Unlike many, I have loved this COVID-19 quarantine.
I have loved working from home. No more hauling the body along transportation routes to sit at a desk to do what I am doing without having to make all that outlay of energy and inconvenience.
I have loved the increased attention to domestic life that the Marvelous María Beatriz and I have shared, from the breadmaking to our selected Netflix choices to reading in bed side-by-side.
I have loved the physical distancing in the streets and parks, the supermarkets and laundromats, on my running routes.
I have loved using the alternate technologies to connect with others – I've connected far more than I would have if I had had to, in pre-COVID fashion, negotiate a time and place and physically transport myself there.
I see this quarantine giving us the gift of what hibernation gives: a reprieve, a breather, a slower pace, a pressure reduction, a chance for repair, the balm of quiet and a release from the taskmaster of a schedule.
Of course this state of things appeals to me, the man who at the age of 15 thought that a vocation with the Trappists looked like a rather good deal and who has always felt a monastic pull.
And feeling this does not mean that I'm unaware of the privileges I have that allow me to feel it: my job is secure for the moment, I have the money to pay for my broadband, I don't have to deal with the hospital hellscape in either my work state (New York) or my home state (New Jersey). I am in a protected space for these moments, and the protection feels nurturing and the respite welcome.
I don't know – no one knows – what the post-COVID world will bring to the United States and the rest of the nations, which makes it difficult to organize efforts to hang on to some of the gains that ordinary people have gotten under the duress of the pandemic: slightly more generous unemployment benefits, a greater push towards a health care system not tied to employment, basic cash support that delinks income from employment.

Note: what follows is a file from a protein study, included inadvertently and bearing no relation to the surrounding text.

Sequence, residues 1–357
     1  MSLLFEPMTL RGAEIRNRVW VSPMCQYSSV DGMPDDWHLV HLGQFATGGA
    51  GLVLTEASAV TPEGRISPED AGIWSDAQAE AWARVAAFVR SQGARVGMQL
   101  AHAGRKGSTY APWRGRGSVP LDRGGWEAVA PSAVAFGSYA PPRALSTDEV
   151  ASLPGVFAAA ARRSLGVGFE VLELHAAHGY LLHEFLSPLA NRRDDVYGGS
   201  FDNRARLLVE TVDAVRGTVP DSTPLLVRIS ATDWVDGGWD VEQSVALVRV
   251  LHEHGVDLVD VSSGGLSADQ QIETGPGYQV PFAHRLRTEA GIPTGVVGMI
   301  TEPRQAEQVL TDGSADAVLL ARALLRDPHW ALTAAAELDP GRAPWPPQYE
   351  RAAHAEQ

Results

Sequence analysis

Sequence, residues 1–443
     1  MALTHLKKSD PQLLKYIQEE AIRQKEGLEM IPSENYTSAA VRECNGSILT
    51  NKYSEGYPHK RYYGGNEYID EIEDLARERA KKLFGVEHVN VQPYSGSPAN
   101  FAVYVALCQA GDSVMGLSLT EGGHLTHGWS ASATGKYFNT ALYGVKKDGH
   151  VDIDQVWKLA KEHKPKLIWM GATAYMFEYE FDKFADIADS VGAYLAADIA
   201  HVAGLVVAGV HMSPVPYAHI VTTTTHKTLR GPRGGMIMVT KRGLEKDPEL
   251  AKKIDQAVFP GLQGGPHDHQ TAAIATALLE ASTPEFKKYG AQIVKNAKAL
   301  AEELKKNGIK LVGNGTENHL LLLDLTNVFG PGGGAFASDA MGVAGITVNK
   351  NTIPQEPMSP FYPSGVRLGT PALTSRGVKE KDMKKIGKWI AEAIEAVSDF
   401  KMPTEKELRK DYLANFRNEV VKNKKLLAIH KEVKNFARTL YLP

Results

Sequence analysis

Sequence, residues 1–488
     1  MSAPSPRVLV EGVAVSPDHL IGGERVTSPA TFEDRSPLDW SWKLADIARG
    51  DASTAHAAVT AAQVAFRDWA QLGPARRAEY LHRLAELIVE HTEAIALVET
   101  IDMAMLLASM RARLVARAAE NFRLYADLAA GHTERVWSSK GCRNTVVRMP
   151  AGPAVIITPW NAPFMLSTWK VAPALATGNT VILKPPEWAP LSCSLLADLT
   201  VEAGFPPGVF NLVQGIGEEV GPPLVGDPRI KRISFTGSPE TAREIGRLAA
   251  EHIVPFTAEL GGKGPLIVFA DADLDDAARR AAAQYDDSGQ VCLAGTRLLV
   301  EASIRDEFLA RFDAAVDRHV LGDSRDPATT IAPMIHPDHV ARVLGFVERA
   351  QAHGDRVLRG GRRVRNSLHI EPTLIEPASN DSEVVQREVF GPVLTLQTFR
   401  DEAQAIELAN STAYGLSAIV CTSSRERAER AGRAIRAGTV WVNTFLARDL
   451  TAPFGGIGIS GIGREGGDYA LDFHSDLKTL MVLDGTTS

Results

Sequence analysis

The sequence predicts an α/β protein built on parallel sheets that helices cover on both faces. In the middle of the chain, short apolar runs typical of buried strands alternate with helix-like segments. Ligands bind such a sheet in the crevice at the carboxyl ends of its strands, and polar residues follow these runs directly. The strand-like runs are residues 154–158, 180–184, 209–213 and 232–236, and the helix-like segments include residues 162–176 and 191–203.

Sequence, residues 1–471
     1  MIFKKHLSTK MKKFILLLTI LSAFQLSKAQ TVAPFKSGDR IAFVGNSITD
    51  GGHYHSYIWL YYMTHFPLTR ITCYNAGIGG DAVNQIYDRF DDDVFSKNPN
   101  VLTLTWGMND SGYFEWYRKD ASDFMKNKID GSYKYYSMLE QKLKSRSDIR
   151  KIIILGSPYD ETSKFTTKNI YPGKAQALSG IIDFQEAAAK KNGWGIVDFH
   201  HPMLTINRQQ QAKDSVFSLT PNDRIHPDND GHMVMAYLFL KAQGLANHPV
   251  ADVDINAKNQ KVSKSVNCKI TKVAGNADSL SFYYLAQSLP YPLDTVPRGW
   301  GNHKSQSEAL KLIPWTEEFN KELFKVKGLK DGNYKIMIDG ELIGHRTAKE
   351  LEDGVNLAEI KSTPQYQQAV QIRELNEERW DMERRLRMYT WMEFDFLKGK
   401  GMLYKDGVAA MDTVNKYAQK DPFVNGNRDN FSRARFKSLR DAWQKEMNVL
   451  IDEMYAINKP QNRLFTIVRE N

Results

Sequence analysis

It also makes it difficult to organize against the accrual of more power by our executives to surveille people, restrict liberties, impose medical solutions (such as mandatory vaccinations), and shovel public money into private hands. The present administration, even in the midst of the crisis, has continued enacting the regulatory rollbacks and the dismantling of the bureaucracy along with its crony capitalism that seems to make up the wrecking crew's politics.
I'm hoping—selfishly, I admit—that post-COVID, along with all the burdens that opening up will bring (burdens that feel, at least at the moment, exhausting and deflationary), I can retain some of the quarantine vibe and practices. The delinking from scheduled time counts as a small bulwark against our masters' inevitable efforts to discipline our impulses and place us back into harness. The physical distancing gives us some space to see one another in full sovereign form and relieves us from the exhausting social performing that proximity requires. The comfort of being in one place at one time gives me the chance to get a grip on myself: stop, look, listen, refine, depose, confirm.
I assume I am in the minority in thinking these thoughts, and given all the destruction that has come about because of this pandemic, these thoughts are probably ethically suspect as well, given the relatively protected perch from which I sing them.
But there they are anyway, written on a bright Saturday afternoon in a situation where I have no obligation but to sit comfortably and consider openly whatever comes to sit next to me. I don't have to be anywhere, I don't have to meet anyone, I don't have any life-demons nagging at me or guilts undermining me.
In quarantine, I have felt more myself than I have felt in a long time. I don't really want to give that up.